and can be found in some UPS applications, where they provide a replacement source of DC power to a traditional battery set. Supercapacitors are more tolerant of temperature extremes and


Batteries will age and discharge even when not connected to any other battery or electrical system. The typical storage life for a battery is approximately 6-12 months, taking into account the ambient temperature and internal discharge rate. Batteries and products using internal batteries therefore require recharge at the end of this period to avoid unnecessary deep-discharge states beyond which they may not be rechargeable.

Replacement Batteries

When selecting UPS replacement batteries or batteries to replace those used within other standby power applications, batteries with equivalent Ah and Vdc ratings must be used. In addition:

  • Wiring and Terminations: care must be taken to ensure the terminal connection points match so that existing wiring terminal connectors can be used.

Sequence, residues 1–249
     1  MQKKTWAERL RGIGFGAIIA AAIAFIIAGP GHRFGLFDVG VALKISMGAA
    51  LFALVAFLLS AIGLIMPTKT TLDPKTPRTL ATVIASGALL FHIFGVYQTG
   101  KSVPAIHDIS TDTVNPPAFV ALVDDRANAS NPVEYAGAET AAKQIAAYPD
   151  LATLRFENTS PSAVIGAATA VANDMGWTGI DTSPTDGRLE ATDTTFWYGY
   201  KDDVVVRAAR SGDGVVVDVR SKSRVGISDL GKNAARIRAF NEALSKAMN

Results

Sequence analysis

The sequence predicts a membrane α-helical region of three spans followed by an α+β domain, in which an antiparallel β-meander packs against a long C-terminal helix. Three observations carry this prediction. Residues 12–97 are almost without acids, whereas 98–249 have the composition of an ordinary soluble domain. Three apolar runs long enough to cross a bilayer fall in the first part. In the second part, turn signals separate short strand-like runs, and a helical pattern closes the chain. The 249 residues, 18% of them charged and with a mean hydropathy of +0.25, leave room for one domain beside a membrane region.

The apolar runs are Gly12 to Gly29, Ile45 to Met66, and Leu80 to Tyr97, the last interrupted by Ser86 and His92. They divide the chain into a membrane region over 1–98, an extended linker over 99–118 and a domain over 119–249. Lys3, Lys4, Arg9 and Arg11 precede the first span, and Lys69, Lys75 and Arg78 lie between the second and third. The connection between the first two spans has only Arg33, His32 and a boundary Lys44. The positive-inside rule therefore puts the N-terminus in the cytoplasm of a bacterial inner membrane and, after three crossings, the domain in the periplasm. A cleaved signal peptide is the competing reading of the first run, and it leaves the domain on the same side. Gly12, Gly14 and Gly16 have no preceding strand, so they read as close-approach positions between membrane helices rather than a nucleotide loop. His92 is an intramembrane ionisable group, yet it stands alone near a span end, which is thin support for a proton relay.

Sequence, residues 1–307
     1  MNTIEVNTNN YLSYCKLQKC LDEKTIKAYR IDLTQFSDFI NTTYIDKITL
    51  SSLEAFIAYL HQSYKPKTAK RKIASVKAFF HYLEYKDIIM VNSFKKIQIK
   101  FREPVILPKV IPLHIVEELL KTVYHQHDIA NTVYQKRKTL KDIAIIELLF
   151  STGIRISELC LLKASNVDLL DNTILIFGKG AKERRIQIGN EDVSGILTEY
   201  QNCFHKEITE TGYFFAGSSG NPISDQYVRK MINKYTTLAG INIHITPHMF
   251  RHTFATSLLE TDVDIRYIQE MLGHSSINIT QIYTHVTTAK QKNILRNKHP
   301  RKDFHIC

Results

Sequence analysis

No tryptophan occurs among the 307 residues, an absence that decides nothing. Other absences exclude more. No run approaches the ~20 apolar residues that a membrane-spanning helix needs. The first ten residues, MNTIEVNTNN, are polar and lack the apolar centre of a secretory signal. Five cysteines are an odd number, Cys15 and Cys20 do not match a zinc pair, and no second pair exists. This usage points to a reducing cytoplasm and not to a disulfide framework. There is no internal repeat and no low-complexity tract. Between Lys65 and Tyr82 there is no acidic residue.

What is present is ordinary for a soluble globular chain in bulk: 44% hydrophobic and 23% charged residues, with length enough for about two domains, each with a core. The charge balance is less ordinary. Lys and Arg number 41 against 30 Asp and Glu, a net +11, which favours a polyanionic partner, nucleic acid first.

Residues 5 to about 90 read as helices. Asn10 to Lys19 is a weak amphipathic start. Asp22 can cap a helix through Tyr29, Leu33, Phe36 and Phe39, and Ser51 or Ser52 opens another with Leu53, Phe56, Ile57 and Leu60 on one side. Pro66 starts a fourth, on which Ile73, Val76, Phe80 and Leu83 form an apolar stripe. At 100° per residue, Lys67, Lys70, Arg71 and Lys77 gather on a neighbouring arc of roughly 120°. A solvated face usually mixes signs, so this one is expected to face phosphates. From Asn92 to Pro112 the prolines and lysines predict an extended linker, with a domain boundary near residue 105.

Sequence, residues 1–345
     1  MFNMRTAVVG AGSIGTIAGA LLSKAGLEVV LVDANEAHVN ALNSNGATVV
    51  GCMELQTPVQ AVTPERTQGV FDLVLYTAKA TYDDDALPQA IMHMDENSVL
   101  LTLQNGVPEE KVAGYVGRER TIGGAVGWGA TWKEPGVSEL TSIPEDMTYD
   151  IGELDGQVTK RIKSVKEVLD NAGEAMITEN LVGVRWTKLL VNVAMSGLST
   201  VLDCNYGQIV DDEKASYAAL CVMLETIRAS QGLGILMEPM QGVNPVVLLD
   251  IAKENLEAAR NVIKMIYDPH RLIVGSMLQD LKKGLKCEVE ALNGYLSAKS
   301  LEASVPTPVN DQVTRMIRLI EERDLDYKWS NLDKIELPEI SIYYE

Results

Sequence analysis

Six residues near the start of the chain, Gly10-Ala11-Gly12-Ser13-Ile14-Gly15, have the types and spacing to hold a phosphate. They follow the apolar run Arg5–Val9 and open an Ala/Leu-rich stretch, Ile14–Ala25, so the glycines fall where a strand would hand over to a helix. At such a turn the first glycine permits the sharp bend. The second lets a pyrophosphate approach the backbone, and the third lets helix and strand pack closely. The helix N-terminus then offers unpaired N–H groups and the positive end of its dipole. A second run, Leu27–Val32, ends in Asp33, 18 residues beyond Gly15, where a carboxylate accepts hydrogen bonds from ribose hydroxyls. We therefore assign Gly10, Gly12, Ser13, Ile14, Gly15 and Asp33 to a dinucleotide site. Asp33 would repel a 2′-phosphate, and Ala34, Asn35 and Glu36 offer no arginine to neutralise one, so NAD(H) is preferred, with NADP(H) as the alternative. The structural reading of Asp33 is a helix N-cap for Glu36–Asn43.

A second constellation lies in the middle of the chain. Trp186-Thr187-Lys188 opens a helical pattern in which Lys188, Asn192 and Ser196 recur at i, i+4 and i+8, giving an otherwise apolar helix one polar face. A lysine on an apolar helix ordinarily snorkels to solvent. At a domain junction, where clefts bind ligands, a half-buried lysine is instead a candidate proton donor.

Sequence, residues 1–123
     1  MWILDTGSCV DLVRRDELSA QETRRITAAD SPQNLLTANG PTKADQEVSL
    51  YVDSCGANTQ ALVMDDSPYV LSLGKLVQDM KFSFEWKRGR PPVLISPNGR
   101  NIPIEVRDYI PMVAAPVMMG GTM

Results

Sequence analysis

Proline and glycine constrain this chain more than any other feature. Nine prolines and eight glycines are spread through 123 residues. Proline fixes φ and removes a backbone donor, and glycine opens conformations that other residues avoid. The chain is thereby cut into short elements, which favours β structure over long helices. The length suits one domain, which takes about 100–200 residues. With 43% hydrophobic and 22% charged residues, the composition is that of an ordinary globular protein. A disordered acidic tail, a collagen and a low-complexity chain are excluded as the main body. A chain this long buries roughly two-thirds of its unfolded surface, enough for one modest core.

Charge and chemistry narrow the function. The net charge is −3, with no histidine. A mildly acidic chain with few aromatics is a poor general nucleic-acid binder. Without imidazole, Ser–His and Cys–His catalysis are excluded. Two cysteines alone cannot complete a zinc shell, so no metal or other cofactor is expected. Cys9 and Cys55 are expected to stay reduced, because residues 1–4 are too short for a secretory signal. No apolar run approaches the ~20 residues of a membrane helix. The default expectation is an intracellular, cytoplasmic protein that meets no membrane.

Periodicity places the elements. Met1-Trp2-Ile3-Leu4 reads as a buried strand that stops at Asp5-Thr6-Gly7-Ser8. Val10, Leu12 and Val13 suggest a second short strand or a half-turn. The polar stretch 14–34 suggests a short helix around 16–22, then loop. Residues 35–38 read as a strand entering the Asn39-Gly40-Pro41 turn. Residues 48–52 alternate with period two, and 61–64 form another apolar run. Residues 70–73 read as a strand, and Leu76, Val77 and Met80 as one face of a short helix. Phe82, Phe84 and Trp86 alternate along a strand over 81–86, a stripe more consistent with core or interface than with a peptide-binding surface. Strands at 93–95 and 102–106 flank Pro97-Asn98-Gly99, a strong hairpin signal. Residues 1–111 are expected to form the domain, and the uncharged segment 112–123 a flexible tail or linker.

• Battery Ageing: when replacing batteries that have failed or are weakening, it is important to replace an entire battery string and/or battery set. This is because the performance of the newly installed batteries can quickly degrade to the level of the weakest existing battery.

Batteries can be monitored and tested for performance either through internal battery testing routines or external impedance testing. Visual inspections can also help to identify ageing batteries. Plastic cases can buckle and white deposits show around terminals as batteries are subjected to charge/discharge cycles and general ageing.

If ordering replacement UPS batteries remember to specify if the links are to be included with the shipment.

Battery Recycling and Disposal

Batteries are classed as hazardous waste and must be transported, disposed off and recycled according to national guidelines. In the UK, the application Acts and Regulations include: the Environmental Protection Act 1990 and Hazardous Waste Regulations 2005 apply with additional applicable European directives including:

  • Waste Electrical and Electronic Equipment (WEEE) Directive 2002/96/EC
  • EU End-of-Life (ELV’s) Directive (September 2000)
  • EU Batteries Directive (May 2006)

Please call us on 0800 612 7388, complete an enquiry form form or email us for more information on the EcoPowerSupplies range of batteries.